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Wealth firms reassess buy-list policies; Short squeeze raises more questions for DFMs

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Off piste

The rising rate of consolidation in UK wealth management could well hurry an industry-wide shift towards buy lists that look very similar to one another. But it’s not just the nature of those buy lists that’s producing homogenised portfolios - the clampdown on investment managers’ ability to buy off-list is also a factor.

The reasons behind the shift to centralisation, which has been in tow for the past few years, are pretty obvious: suitability concerns and the rise of model portfolios have led many wealth firms to conclude that their managers should be kept on a pretty tight leash.

The counter-argument - that each client is different, and that investment managers need to have the courage of their convictions - is also compelling. 

And the latest evidence suggests that both attitudes are holding firm for now. Money Management’s DFM survey, published earlier this month, questioned 30 discretionaries on their practices in this area. Just over half of firms said their investment managers aren’t able to choose funds from outside a centralised buy list - a similar proportion to those who said the same last year. 

Around 15 per cent said they did not use buy lists at all (again, the same percentage as in 2018), with the remainder giving their managers a degree of free rein - albeit typically within the confines of a centralised approval and monitoring process.

Most notable was the number of firms who have shifted their position over the past year. Though the headline figures haven’t budged, more than a quarter of DFMs now give their managers more discretion over fund choices, or vice versa. 

A lack of distinction between ‘managers can’t buy off list’ and ‘they can, but with strict conditions’ may explain some of these switches. But it’s likely also a sign that wealth managers are still trying to figure out how to juggle competing impulses when it comes to fund selection.

Snakes and ladders

Short-term it may be, but events in equity markets last week have given allocators plenty of food for thought. Early last week we remarked on the reversal going on under the surface in US equities; that continued to play out in subsequent days. Headline indices haven’t moved much, but momentum stocks have sold off, and value stocks have rallied sharply.

This is still a bond story at heart. A rise in bond yields - signalling a slight uptick in economic optimism - has gone hand-in-hand with value shares’ bounce.

That’s a fairly understandable state of affairs, historically speaking. Less common is the sight of US Treasuries selling off in tandem with momentum. Morgan Stanley notes that the correlation between momentum plays and bond yields “is close to its most negative ever levels”.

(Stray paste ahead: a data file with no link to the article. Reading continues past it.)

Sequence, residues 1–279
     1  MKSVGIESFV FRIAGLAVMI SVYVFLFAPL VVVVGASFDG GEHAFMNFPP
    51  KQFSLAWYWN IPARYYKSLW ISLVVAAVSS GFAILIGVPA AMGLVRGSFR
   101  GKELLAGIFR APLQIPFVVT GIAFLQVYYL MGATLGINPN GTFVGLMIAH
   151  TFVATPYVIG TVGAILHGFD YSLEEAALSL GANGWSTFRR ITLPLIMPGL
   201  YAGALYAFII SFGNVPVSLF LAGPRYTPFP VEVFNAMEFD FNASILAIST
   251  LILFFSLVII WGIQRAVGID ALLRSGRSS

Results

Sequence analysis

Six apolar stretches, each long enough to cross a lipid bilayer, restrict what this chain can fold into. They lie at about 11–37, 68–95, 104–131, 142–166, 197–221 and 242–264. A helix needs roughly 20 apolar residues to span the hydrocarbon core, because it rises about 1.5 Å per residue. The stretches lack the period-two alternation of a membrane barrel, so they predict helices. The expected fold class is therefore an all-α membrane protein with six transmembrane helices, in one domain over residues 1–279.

Allocators are having to think hard about whether their terminology is still fit for purpose: quality and bond proxy stocks are more or less the same thing as momentum plays as it stands.

That has its own implications for smart beta funds. And all this activity going on beneath the surface, if sustained, would also have an impact on the active v passive question in general. The sight of in-favour active funds hurting at a time when markets appear to be calm would require more explanation than usual on wealth managers’ part.

That is, of course, if these recent moves are indeed sustained. There is reason to think this is a temporary shake-out, driven by short covering rather than a real shift in positioning. After all, it’s the most-shorted stocks in the market that have done particularly well over the past week.

For now, discretionaries will be content to look past the noise. But a couple more weeks of similar moves would force them to confront some of the issues outlined above.

Oil avoidance

The fierce rally in oil prices seen overnight, and the headwinds that will produce for the global economy, may act as a barrier to any continuation of the September rotation described above. But it’s also a timely reminder that some things will always remain out of the hands of even the best-prepared wealth managers. 

The oil price has long been a prime example: much more sensitive to geopolitical tensions than the average asset, its inherent volatility - coupled with the fact that it has been stuck in a relatively narrow trading range for several years now - is part of the reason why DFMs have tended to shy away from energy strategies in recent times.

This weekend’s developments are unlikely to change that, either: a price of $71 a barrel is still low by historic terms. In this case, sitting on the sidelines looks like the best solution all round.

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